It will rain

Walter walked into The Restaurant two hours into his reporting time holding an umbrella. He made his way past the lounge, the kitchen and into the changing rooms. He put his bag down and set his umbrella by the wall leaving drops of water on the floor. He rubbed his palms together and checked his phone for messages before switching it off.

He started to remove his jacket when the Manager walked in. She greeted him and handed him his time sheet. There were two kinds of managers that Walter had worked under in the industry. The first was the one who listened and laughed with you or shared a cigarette only to submit a bad evaluation that got you fired. The second were like Priscah; chubby, round like ball gum, cute like a teddy bear but mean as that kid in class one who took your ice from you and beat you to the ground when you started to cry. The woman had been with them for a year and everyone stood still when they heard her heels announce her presence ‘tock, tock, tock!’
“What time have you written there Walter?” she asked.
“Nine thirty.”
“I see, and what time are you supposed to report here?”
“At seven o’clock.”
“Is there a reason why you are this late Walter? And is it a good one?”
“Yes, Madam, there is.”
“What is it?”
“My Mother was referred to Kenyatta Hospital for treatment, and I had to spend the night by her side. I apologize for being late today. I will see to it that she is taken care of by my cousin so I can be here on time.”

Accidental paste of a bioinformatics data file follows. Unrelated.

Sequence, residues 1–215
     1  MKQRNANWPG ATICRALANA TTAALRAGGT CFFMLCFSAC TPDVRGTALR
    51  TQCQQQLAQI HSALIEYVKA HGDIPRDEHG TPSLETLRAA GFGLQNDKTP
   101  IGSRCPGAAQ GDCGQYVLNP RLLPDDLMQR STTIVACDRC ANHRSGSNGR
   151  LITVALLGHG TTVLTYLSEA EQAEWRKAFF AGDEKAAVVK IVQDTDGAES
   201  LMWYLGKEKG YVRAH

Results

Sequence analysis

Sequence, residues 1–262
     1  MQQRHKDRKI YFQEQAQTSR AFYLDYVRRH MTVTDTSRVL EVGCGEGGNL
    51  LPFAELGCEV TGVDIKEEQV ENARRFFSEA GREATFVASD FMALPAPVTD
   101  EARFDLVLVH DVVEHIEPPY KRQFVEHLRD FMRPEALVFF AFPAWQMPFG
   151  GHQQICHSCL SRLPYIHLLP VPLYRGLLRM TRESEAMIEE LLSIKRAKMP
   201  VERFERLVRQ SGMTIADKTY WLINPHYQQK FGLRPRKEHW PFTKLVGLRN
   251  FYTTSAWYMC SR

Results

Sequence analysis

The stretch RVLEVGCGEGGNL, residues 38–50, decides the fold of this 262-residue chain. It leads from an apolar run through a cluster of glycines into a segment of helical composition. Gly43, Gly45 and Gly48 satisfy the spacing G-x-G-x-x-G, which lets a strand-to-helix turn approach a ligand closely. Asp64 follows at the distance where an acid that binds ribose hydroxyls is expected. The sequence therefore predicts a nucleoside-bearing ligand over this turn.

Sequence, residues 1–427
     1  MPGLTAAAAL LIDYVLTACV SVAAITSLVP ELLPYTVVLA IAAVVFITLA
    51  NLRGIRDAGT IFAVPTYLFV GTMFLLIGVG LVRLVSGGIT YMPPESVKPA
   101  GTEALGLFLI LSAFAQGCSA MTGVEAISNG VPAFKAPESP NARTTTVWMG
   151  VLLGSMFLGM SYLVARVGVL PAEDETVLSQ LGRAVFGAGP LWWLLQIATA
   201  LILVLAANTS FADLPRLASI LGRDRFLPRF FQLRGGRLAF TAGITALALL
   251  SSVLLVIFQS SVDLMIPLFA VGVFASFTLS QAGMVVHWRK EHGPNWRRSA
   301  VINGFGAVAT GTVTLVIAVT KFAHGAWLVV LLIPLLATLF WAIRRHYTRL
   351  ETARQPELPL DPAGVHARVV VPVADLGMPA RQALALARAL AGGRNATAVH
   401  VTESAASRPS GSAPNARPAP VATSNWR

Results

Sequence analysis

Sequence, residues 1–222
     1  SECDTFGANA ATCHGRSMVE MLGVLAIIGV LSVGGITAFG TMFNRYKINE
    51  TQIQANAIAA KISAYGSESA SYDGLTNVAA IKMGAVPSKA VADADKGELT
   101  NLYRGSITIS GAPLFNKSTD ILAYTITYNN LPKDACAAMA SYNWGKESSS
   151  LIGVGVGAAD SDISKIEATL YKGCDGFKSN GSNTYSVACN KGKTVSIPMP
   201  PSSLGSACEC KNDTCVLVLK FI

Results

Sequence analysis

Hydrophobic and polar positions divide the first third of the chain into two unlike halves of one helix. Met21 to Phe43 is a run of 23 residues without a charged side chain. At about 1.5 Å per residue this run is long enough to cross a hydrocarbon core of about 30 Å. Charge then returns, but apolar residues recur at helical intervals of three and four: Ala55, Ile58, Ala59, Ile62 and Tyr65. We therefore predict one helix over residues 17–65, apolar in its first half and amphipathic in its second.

“I am sorry about your Mother Walter, but this is your job and customers cannot wait for you to come from Kenyatta to serve them tea. Get ready and take over from Maureen and Joseph.”
“Thank you, Madam.”

He watched her walk out of the room and released the breath he was holding. He looked around the changing room-they had two closets, one belonged to the men and the other the women.

Everything about the place put him on edge, from the lighting to the pay and the staff. His mother would have killed him for that, but he could not tell her that the reason he was late was because he was working on a proposal for that Equity bank loan he needed.

He had been here for two years and that was two years away from his dream.

It was eighteen minutes to ten o’clock when he walked out for one drag. He lit his cigarette and leaned against the wall for that moment of relief. It was still raining even as he smoked, and his old man came to mind for always saying that “women are like rain, if they decide to pour, you can seek shelter, or run, or try and cover yourself with an umbrella but they’ll still pour.”

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